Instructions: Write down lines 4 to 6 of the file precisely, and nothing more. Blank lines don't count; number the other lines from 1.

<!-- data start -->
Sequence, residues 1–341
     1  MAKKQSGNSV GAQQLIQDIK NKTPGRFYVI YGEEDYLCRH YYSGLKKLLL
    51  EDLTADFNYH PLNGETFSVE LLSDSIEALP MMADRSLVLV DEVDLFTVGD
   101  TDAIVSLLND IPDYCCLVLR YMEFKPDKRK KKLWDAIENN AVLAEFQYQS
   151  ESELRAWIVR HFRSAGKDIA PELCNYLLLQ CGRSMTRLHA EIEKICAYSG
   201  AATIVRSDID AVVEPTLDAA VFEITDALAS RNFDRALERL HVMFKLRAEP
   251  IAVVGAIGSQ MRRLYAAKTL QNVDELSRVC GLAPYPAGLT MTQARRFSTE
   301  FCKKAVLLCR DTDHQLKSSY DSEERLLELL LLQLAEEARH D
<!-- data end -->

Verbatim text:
   101  TDAIVSLLND IPDYCCLVLR YMEFKPDKRK KKLWDAIENN AVLAEFQYQS
   151  ESELRAWIVR HFRSAGKDIA PELCNYLLLQ CGRSMTRLHA EIEKICAYSG
   201  AATIVRSDID AVVEPTLDAA VFEITDALAS RNFDRALERL HVMFKLRAEP